Leader of the Opposition Andrew Scheer rises during Question Period in the House of Commons Tuesday Dec. 10, 2019 in Ottawa. Scheer is stepping down as a Conservative leader. (Adrian Wyld/THE CANADIAN PRESS)

Andrew Scheer stepping down as Conservative Party leader

Andrew Scheer announced Thursday that he will be stepping down as the leader of the federal Conservative Party and asked the party to begin the process of organizing a leadership election.

Speaking in the House of Commons, Scheer said he will remain at the helm of the party until it elects a new leader and “Canada’s next prime minister.”

“Serving as leader of the party that I love so much has been the opportunity and challenge of the lifetime,” Scheer said. “This was not a decision I came to lightly. This was a decision I came to after many long hard conversations with friends and family over the past two months since the election.”

Scheer had faced a growing chorus of voices from within the party calling on him to resign following the party’s disappointing performance in the Oct. 21 election, in which the Conservatives failed to unseat the Liberals despite several scandals plaguing the Trudeau government.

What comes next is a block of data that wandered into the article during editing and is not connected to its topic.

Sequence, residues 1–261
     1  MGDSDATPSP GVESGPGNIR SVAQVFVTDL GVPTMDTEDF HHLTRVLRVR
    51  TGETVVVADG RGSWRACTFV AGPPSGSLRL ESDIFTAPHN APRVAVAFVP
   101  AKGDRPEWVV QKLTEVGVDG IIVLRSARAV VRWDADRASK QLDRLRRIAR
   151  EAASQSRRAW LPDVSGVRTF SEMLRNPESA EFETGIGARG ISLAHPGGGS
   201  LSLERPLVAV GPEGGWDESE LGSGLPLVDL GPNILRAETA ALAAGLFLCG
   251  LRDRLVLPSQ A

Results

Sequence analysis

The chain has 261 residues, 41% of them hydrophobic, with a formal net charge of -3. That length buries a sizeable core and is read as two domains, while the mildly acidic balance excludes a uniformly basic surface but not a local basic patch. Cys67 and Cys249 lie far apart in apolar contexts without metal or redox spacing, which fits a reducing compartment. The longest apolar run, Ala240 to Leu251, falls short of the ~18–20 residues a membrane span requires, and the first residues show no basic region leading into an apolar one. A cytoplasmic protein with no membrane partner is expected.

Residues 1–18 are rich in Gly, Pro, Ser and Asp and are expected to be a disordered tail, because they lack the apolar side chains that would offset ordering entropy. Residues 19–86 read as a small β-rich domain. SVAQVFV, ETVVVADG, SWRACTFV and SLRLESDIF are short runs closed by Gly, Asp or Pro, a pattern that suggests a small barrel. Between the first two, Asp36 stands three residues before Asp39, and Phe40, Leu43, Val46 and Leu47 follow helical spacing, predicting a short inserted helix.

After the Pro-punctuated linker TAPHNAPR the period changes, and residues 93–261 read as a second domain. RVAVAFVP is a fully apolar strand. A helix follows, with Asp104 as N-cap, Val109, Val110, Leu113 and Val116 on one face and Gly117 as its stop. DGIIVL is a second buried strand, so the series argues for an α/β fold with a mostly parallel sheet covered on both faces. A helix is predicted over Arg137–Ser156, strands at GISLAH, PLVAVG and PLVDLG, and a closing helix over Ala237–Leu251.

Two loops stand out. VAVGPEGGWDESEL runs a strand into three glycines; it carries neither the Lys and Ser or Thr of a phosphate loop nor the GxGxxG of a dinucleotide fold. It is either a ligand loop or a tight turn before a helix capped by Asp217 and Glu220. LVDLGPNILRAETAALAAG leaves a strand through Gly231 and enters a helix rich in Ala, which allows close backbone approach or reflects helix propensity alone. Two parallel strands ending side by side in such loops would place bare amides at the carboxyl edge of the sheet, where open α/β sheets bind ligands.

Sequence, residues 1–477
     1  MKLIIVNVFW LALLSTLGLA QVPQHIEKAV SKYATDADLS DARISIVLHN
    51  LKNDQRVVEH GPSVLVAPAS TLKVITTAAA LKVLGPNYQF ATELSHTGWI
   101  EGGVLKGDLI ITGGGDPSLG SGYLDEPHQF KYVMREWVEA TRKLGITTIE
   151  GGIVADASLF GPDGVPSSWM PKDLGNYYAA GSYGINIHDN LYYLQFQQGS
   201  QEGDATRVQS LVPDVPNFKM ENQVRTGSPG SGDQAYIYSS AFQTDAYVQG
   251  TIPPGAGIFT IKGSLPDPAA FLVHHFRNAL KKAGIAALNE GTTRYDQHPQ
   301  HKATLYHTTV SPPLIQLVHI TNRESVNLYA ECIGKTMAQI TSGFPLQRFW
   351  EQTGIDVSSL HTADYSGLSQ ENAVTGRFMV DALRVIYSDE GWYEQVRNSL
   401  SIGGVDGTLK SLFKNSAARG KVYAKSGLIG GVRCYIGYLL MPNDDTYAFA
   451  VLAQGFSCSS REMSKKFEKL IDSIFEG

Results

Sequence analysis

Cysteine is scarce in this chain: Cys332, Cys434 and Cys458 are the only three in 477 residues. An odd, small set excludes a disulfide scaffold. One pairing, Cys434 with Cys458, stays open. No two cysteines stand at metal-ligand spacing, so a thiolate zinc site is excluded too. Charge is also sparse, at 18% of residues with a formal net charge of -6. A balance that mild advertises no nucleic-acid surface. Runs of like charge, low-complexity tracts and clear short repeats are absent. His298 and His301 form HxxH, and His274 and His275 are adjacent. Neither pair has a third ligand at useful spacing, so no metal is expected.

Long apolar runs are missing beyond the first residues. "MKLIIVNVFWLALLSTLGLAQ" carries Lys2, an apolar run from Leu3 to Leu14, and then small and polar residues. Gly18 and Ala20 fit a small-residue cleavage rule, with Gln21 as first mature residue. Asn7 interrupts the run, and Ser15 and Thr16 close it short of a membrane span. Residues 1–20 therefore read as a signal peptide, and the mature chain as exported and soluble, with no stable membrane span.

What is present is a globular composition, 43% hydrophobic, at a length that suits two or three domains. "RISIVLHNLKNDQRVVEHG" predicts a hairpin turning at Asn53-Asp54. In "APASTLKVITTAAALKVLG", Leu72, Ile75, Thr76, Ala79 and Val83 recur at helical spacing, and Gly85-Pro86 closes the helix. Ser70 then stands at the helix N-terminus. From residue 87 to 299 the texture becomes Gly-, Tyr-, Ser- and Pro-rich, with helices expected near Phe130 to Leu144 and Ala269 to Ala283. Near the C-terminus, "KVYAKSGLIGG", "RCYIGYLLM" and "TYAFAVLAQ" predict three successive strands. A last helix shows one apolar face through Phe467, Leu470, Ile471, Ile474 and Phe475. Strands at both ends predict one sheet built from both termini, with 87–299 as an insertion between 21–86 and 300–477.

While the Tories won the popular vote and increased their seat count, they finished with 121 seats compared to 157 for the Liberals, who now lead a minority government.

Many within the Conservative party felt Scheer’s social conservative views – he is a devout Catholic, who in the past has opposed the use of term marriage to describe gay marriage, and is opposed to abortions – handicapped the Tory campaign.

Scheer, a father of five, said the election campaign and the fallout from the Conservative loss was hard on his family.

“This party, this movement needs someone who can get 100 per cent to the efforts and after some conversations with my kids, my loved ones, I felt it was time to put my family first,” Scheer said, calling on the Conservatives to remain united.

Scheer, 40, who was first elected to the House of Commons at age 25, will continue to represent his Regina-Qu’Appelle constituency in Saskatchewan “for the near future.” He was elected the Conservative party leader in 2017, following a hard-fought and crowded leadership competition.

Scheer said he will support his successor “100 per cent.”

With files from CBC News

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